While my title line might seem dramatic, I want to be clear that this post is not intended as a criticism of Kepler, or of Kepler’s laws. Rather, it is critical of the view that scientific laws are true descriptions of the world. This post is intended as part of my series on how science works. My aim is to describe my own understanding of Kepler’s laws.

**The basis of Kepler’s laws**

In case some of my readers are not familiar with them, Kepler’s laws are an attempt to account for the motion of the planets in our solar system. Kepler’s laws were preceded by the Ptolemaic idea that the planets moved in cycles and epicycles. Galileo argued, instead for the idea of Copernicus, that the planets traveled in circular paths around the sun. I presume that Kepler was looking for something a little more precise than the Copernican circles.

I am not an historian, so most of what I “know” about Kepler is guess work. He had rather good data about the planets, acquired by Tycho Brahe (and by Kepler himself). My assumption has long been that he plotted the known data, and tried to fit curves to that data.

**The under-determination problem**

There’s a general problem of under-determination. Given a finite number of data points, there are infinitely many curves that pass through those data points. Of all of the possible curves, why did Kepler pick an ellipse? That has puzzled me since my days in high school. My assumption then, and now, was that it partly a guess by Kepler, and that it was partly the relative mathematical simplicity of the ellipse as a curve. While not quite as simple as the circle, it is not a lot more complex.

These days, we can mathematically derive Kepler’s laws from Newtonian mechanics (including Newton’s law of gravitation). But Kepler did not know that, for Newton’s law of gravity was not known at the time. Newton used Kepler’s laws as part of his motivation for an inverse square law. So if Kepler was guessing, then he made an excellent guess.

**Why say that Kepler’s laws are false?**

For Kepler’s laws to be true, the motions of actual planets should all be in accordance with those laws. In terms of plotting the observations on a graph, all observations should be exactly on the appropriate elliptic path. They are not. It must have already been obvious to Kepler, that his laws were not an exact fit, that they were at best a pretty good approximation.

Even from a theoretical point of view, we can see that Kepler’s laws are at best an approximation. When we derive Kepler’s laws from Newtonian mechanics, we are solving the two-body problem. That is, we are determining the path of a single planet around the sun, and ignoring the effects of the other planets. So we would naturally expect the results to be not quite right. That is, we would expect them to be technically false, though a good approximation.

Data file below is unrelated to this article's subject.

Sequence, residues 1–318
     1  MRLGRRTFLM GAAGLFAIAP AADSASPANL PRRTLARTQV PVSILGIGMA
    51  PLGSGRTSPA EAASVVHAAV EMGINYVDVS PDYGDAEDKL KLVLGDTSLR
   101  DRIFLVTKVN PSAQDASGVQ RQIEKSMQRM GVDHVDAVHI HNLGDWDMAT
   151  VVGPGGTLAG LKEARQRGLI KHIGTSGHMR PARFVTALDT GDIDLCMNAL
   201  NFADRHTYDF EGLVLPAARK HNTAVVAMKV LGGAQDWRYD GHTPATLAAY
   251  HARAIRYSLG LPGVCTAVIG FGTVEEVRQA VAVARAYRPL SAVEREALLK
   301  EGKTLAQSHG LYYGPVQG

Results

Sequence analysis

**Predictions**

Kepler’s laws are useful for making predictions of planetary motion. Observations of a planet can determine its Keplerian orbit, and from that we can compute its future path. That the laws are false indicates only that the predictions won’t be perfect. They can still be very good.

The Ptolemaic astronomers used their cycles and epicycles to predict. The Copernican circular paths could also be used for prediction. It was easier to predict using Copernican methods, because of the simpler mathematics. However, it has been argued that the Ptolmaic method made better predictions.

Prediction using Kepler’s laws is only slightly more difficult than using Copernican methods, and is far easier than using the Ptolemaic methods. And prediction with Kepler’s laws give very good results.

**Perturbations**

Astronomers make observations (or measurements) of planets. And, in those observations, they report the computed Keplerian orbit and the perturbation (or deviation) from that computed orbit. That Kepler’s laws are imperfect does not prevent astronomers from making accurate observations. It merely means that they need to record the perturbations, in addition to the orbital position.

**Why does this matter**

There’s a tendency of philosophers to look at every statement as if a proposition, and to consider the truth of propositions, viewed as descriptive of the world, as their most important attribute. My aim, in this post, is to point out that descriptive truth is not a requirement for scientific theories. We value theories as tools that we can use in making predictions and in theorizing. We also value mathematical simplicity, even if that simplicity requires some departure from truth. For mathematical simplicity makes laws easier to use.

My own preference is to say that scientific laws are neither true nor false. They are not propositions, they are tools for prediction and theorizing. Our acceptance of laws (and of theories) is based on their pragmatic value, rather than on their truth.

**A note on creationism**

The creationists and ID proponents are repeatedly claiming to have refuted the theory of evolution. It is a pointless game. If there is horizontal gene transfer (and there does not seem much doubt about that), then common descent is false on a technicality. Biologists are not at all deterred by such nit picking. They value the theory of evolution on pragmatic grounds. If it is false on some technicality, that is no more a problem for evolutionary biology, than is the technical falsity of Kepler’s laws a problem for astronomy.